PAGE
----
‘Devil’s Daughter’: An expression of identity

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She says that while externally our problems may be different, but inside we all feel anxiety, nervousness, depression…writes Sukant Deepak.

Indrani’s surviving daughter Vidhie Mukerjea released her memoir Devil’s Daughter recently. In 2015, on the eve of her 18th birthday, everything changed for Vidhie Mukerjea, as her mother Indrani Mukerjea was arrested for allegedly murdering her daughter Sheena Bora. A few months later, media baron Peter Mukerjea met the same fate.

Vidhie went to Regent’s University London, and over the next few years, maintained a low profile in the media and ‘blocked’ the incident in her mind.

But with her recently released memoir ‘Devil’s Daughter’ (Westland Books), she assures that now she does not operate from a place of fear anymore as she breaks off layers of her conditioning and past trauma.

“Public scrutiny had its place in my mind as I have memories of how both my family and I were treated by the media. However, this book was merely an expression of who I am as person, an author, and an artist. It highlights my struggles, adventures, and essentially sharing who I am with the world in a raw and authentic form. I was incredibly nervous about having a public presence, but my narrative has given me confidence to be out there and speak about it,” she tells.

Vidhie recalls that writing ‘Devil’s Daughter’, which also talks about her anxiety and panic disorder, started as a cathartic release into her laptop with many moments of deep introspection, reliving her past, and going through diverse emotions.

“While also challenging preconceived notion many have about mental health being a taboo topic. Towards the end of writing the book I couldn’t stop thinking about various tough situations people are going through with Covid and otherwise, what their headspace was like at the time and realising finally we are all essentially going through the same thing internally,” Vidhie says.

She says that while externally our problems may be different, but inside we all feel anxiety, nervousness, depression.

“I wrote it so people felt they could relate to me and I to them.”

Stressing that once she started writing, there was no holding back, the author says that her story and journey began to empower her and her purpose.

“Of course, there were moments of doubt, but I was I was reassured by people close to me — my partner, friends and family,” she says.

For Vidhie, writing the book was also therapy. While for the first two years after her parents’ arrest, she was constantly escaping her reality, pretending things were entirely normal and that she was an anomaly and would not need to feel those things.

“The longer I deflected, the bigger the hit was. So yes, writing this was like months of intensive therapy for me,” she says.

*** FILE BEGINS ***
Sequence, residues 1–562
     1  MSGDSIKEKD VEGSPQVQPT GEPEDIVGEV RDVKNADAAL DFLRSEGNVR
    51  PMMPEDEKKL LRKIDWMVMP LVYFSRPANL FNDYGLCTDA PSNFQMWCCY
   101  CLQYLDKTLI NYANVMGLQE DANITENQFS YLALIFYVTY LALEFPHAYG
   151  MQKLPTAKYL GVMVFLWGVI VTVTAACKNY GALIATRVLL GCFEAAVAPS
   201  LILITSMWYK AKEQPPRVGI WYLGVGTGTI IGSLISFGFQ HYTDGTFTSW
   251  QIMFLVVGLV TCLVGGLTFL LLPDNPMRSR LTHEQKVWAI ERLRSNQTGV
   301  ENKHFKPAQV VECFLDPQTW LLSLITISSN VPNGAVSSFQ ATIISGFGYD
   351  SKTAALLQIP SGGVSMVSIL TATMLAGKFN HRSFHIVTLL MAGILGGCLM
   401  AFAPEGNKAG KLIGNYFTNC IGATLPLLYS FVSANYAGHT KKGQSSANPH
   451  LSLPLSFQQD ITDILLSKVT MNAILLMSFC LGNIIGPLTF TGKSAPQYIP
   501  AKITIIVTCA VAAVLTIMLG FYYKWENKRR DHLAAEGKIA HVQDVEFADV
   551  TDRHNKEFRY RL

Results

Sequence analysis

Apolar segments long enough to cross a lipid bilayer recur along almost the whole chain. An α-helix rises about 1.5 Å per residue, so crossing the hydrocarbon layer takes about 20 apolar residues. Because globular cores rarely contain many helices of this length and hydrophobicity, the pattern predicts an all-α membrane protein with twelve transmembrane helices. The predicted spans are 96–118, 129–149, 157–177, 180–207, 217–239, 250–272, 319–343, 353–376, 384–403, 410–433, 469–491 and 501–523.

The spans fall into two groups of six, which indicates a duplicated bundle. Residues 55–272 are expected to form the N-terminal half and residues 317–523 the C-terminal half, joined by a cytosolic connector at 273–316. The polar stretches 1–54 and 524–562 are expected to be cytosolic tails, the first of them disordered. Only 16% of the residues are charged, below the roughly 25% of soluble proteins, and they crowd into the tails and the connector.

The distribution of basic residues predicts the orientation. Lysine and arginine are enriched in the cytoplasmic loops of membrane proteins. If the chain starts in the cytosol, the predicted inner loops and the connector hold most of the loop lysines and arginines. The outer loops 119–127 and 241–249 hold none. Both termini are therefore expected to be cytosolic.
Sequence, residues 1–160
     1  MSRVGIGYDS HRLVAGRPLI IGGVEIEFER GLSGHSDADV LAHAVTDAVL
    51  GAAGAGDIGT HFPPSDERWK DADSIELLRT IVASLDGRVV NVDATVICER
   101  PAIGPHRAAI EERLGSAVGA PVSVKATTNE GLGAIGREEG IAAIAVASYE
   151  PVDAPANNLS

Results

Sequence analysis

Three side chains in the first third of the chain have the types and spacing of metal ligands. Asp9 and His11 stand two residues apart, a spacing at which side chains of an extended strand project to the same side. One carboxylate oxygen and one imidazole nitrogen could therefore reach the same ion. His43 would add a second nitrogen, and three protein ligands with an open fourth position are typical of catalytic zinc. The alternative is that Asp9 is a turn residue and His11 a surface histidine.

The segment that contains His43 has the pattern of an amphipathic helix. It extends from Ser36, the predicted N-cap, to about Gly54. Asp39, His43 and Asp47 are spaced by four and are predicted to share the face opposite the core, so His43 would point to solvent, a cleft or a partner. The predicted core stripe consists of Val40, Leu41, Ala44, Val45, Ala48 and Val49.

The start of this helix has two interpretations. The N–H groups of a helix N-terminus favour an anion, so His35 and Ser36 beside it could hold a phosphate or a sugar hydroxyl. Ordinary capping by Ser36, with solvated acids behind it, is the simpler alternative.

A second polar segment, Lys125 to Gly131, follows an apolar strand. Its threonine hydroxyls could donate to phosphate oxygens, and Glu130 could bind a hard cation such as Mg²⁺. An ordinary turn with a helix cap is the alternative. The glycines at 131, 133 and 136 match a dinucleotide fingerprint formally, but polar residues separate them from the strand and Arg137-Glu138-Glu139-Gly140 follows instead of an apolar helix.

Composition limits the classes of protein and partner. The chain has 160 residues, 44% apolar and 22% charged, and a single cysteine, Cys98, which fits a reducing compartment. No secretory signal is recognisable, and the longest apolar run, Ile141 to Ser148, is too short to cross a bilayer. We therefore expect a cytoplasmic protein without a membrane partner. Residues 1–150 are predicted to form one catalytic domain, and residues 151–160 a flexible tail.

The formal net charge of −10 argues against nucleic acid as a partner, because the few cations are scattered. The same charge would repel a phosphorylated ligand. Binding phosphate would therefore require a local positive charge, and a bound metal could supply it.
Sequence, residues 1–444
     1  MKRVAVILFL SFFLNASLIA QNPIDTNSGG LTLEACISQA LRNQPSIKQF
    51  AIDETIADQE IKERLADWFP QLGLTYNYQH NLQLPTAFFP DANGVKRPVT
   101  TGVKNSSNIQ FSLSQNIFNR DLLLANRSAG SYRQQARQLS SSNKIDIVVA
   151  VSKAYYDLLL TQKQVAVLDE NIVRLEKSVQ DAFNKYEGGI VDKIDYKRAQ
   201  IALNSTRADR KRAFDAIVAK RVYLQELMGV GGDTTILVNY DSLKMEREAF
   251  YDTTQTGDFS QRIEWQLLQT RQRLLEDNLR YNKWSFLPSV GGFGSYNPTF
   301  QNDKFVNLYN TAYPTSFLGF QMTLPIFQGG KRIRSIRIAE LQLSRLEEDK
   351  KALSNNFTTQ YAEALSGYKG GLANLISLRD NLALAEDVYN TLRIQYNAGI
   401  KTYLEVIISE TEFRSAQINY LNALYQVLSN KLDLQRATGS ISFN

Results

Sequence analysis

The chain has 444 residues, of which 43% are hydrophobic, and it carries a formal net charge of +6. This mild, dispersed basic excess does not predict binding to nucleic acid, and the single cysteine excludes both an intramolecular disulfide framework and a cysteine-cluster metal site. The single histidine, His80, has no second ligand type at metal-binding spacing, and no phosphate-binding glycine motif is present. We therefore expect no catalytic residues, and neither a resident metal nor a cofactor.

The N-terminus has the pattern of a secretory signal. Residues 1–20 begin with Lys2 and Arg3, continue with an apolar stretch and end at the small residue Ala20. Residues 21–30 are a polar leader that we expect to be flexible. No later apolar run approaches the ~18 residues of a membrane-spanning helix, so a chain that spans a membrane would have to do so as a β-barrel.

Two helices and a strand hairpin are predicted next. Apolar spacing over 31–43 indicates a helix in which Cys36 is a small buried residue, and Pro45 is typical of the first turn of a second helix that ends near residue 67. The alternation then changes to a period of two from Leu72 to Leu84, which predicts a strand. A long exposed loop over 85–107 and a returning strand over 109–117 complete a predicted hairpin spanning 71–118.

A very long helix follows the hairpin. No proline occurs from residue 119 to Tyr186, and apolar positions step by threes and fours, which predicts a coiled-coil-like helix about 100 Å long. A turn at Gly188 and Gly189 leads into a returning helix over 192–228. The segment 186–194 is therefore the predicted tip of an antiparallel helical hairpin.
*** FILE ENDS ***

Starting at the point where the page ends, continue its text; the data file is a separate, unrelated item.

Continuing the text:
Recalling the media trial that followed, she says it was not just awful and damaging but also draining. “They were ruthless and invasive. It haunts me still because I really kept wondering how people could behave like that. But you know, they tried to ruin us, and they almost did; but because of them I am so much better prepared today. When stuff like this happens, you call them out and hit back. Simple.”

Admitting that reliving the past while writing was scary sometimes, Vidhie says that there were days when she felt she would mentally collapse.

“I could not sleep, eat or talk. But I truly believe there is always a deeper lesson or truth to be found in any tough situation. After I went through these moments, I would come out of them feeling so relieved and content.”

Adding that it was “inevitable” for her to talk about her anxiety and panic attacks, she feels that we all want to live in a bubble, pretending all is bright eyed. “We are afraid to let people know we are hurting. I wanted to break that chain, life is about being raw and authentic and writing about it just felt incredible.”

When the author told her mother about the book, and gave her a brief disclaimer of what to expect, both discussed the context. “I kept pushing and delaying the conversation, but she was quite proud of me when I told her what I would be writing. Frankly, she gave me the last bit of confidence I needed.”

The author writes in the book that she does not understand her mother’s actions — “Of course, it’s nothing short of tough. But we all make blind decisions, and get lost. I hope to understand her more as time passes.”

Currently working on her next book on how to travel sustainably — backpacking, living in hostels, not having a fixed itinerary, discovering places on the go, cheap transport, immersing oneself in the culture, and understanding what it means to be a local, she adds, “It is about how exposing oneself to a diversity of experiences, people, and perspective can go on to broaden your horizons, and serve as a mechanism for self-reflection and discovery.”

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